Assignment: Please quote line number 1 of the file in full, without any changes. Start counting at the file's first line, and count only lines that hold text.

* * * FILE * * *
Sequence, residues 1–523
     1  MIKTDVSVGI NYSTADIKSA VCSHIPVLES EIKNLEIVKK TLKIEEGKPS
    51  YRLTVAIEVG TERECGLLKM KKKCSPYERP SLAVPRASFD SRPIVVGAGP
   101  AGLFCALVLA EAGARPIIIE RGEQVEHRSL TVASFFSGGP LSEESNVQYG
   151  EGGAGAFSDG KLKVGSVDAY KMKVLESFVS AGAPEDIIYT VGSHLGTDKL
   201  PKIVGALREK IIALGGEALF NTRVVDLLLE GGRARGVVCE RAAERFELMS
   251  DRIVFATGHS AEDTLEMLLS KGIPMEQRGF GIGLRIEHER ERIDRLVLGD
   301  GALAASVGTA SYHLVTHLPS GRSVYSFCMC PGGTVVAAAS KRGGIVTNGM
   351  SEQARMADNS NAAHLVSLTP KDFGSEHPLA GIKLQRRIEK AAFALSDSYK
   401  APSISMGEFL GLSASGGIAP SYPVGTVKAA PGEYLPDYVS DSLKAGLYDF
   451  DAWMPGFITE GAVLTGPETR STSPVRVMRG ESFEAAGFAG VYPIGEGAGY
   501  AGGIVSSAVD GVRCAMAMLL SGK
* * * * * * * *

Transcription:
Sequence, residues 1–523